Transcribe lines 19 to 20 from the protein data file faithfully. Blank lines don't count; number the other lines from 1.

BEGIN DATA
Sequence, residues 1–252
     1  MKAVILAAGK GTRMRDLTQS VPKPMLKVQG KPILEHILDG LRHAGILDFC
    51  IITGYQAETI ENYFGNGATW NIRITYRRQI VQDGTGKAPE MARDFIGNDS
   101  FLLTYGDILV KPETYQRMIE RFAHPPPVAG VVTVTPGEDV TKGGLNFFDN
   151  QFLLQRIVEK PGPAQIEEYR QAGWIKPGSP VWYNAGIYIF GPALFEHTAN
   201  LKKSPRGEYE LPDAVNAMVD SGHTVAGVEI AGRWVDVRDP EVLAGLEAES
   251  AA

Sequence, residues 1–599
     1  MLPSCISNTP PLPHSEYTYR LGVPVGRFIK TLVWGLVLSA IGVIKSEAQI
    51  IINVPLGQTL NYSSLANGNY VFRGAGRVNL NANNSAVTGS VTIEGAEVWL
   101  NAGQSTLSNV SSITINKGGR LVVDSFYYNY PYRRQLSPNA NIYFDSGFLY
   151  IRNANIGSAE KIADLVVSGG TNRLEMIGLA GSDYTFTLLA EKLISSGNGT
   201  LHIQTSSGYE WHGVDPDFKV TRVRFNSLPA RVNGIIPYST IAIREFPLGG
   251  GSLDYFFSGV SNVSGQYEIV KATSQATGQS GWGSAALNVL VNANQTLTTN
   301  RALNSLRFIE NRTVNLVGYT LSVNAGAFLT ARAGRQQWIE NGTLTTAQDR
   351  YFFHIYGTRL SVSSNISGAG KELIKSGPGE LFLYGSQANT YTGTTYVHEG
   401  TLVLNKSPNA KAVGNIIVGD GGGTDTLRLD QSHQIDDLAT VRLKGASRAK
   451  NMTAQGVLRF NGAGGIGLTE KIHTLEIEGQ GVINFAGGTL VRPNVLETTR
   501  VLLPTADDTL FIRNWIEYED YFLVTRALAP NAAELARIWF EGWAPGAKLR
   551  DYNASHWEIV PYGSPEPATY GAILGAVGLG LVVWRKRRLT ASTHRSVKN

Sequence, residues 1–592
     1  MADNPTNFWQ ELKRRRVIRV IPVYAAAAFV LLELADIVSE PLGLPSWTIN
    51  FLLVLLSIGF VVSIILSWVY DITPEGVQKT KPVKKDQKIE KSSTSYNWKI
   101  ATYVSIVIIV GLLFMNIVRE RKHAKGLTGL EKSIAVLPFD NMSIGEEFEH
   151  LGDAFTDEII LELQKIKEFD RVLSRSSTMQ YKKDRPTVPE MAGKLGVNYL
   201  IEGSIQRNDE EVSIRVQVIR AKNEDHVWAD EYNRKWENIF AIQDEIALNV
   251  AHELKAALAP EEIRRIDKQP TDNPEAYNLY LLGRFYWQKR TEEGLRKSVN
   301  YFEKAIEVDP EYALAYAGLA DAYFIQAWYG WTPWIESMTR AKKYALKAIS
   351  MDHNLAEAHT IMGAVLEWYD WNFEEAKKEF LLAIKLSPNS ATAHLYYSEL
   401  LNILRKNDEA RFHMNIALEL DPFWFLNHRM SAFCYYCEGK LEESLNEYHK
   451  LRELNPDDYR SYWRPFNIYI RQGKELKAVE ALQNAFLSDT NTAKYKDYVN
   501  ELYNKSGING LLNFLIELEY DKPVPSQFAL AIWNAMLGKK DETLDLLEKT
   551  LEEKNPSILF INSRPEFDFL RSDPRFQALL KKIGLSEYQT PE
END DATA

   501  VLLPTADDTL FIRNWIEYED YFLVTRALAP NAAELARIWF EGWAPGAKLR
   551  DYNASHWEIV PYGSPEPATY GAILGAVGLG LVVWRKRRLT ASTHRSVKN